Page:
Call it a rite of passage: children by the roadside peddling their homemade goodies to adults who are more than eager to drop a few cents into a makeshift cashbox.

But Katie and Sabrina Lewis’ veggie stand, in the town of Clayton, Calif., where they sold homegrown watermelons for $1, has been shuttered by town officials who told the girls’ parents that their daughters’ venture violated local zoning ordinances.

“I think that they’re wrong,” dad Mike Lewis said of the town officials. “Kids should be able to be kids.”

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Raising Chickens on an Urban Homestead

ByGroovy Green Jul 21, 2008

Hello! Welcome to the first of many installments in my adventure of chicken raising. I recently just introduced 2 chickens to my urban palace and I thought it would be interesting to follow along with my trials and tribulations. Hopefully if I make mistakes it will help you avoid them if you decide to embark on this sort of thing on your own.

I was helped along in my chicken adventures by talking with many other chicken owners about what they’ve done, as well as the great website City Chicken. I read two great books which I would recommend, Chicken Tractor by Andy Lee and Storey’s Guide to Raising Chickens. I thought both of these books were great, and while I didn’t think one book covered all the information I wanted, together they did cover a lot of what I was concerned about.

Let me say, I wasn’t born on a farm or really around animals. We had a cat and a dog at various times when I was growing up, but we didn’t have a steady menagerie of animals at my house. What I’ve learned has been from reading books and talking to others. I guess I tell you this to encourage you. Just because you don’t have the background in raising animals doesn’t mean you can’t do it. I’m just at the beginning of my adventure, as I write this, and I’m still nervous and scared as heck. Especially when they sort of dart around. It freaks me out, but I know there is plenty of information and help online and with people I know. I hope Groovy Green can be a resource for you if you are starting out on an eggcellent adventure!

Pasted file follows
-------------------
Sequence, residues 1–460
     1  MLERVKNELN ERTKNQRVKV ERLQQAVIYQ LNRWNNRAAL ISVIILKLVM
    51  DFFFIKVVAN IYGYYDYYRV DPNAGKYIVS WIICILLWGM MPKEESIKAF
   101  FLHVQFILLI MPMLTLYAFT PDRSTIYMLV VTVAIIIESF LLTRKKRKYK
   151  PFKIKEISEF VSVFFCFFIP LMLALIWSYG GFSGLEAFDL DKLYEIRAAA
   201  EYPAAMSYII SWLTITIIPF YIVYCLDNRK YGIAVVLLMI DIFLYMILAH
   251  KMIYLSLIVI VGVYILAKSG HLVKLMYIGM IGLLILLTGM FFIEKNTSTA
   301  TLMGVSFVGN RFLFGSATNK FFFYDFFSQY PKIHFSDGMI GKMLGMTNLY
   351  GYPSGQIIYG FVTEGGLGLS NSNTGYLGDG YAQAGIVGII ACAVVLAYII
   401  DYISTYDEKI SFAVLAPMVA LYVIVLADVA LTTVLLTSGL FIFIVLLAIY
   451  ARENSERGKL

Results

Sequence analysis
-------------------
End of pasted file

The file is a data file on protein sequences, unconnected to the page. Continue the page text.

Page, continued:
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Feeding The Suburbs

ByGroovy Green Apr 17, 2008

This is the last story in our series from Wendy.

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This evening, after I read Andrew Lost on the Dog to Precious, I sat back in my bedroom and thumbed through the March/April edition of World Ark, the magazine published by Heifer International. What struck me as I read through the articles was the statistic “85% of all farms worldwide are smaller than five acres” (15). Several articles, cited the fact that most subsistence farms in Third World countries are very small – some even as small as mine.

I was surprised.

I have a book someone gave me entitled Five Acres and Independence. I’ve had it for a while, and having that book seemed to reinforce my (mistaken) notion that in order to be self-sufficient, I needed an acreage. I needed land, lots of land and the starry sky above ….

At any rate, a 1/4 acre wasn’t going to do it.

I didn’t know that a large portion of the world’s farmers are working land that isn’t much bigger than the average American suburban lot.

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Love Thy Neighbor

ByGroovy Green Apr 16, 2008

Another in our series from Wendy.

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I had a rather nomadic childhood. For the first eight years of my life, we moved at a rate of about once a year. Then, we were settled for about five years, but we moved again just before I started high school, and then, four years later, when I graduated from high school, I lived a transient life as a college student. Four years later, when I received my Bachelor’s degree, I moved for the next seven years, at about the same frequency as I did for the first eight years of my life – packing up my entire household and relocating every two to eighteen months.

Then, I moved with Deus Ex Machina, our two month old daughter, eight month old chow-chow puppy, and three year old iguana to Maine.

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The Sustainable Suburbs: Self-Sufficiency

ByGroovy Green Apr 15, 2008

Another in our series from Wendy. This one is about being self sufficient on a small plot, and if you really need to be.

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Someone told me recently that I could never be self-sufficient on my quarter acre suburban lot here in southern Maine. I don’t have enough land, and I can’t build a greenhouse.

Maybe. Maybe she’s right. But just maybe ….

My hero, Dolly Freed, lived on a 1/2 acre 40 miles from Philadelphia. She and her father weren’t “self-sufficient”, in that they did depend on outside sources for electricity, water, some food items, and clothing.

The folks at Path To Freedom aren’t self-sufficient, either. They buy bulk grains for themselves, feed for their livestock, clothing, and toiletry item ingredients (they make their own, but don’t produce the ingredients on their land).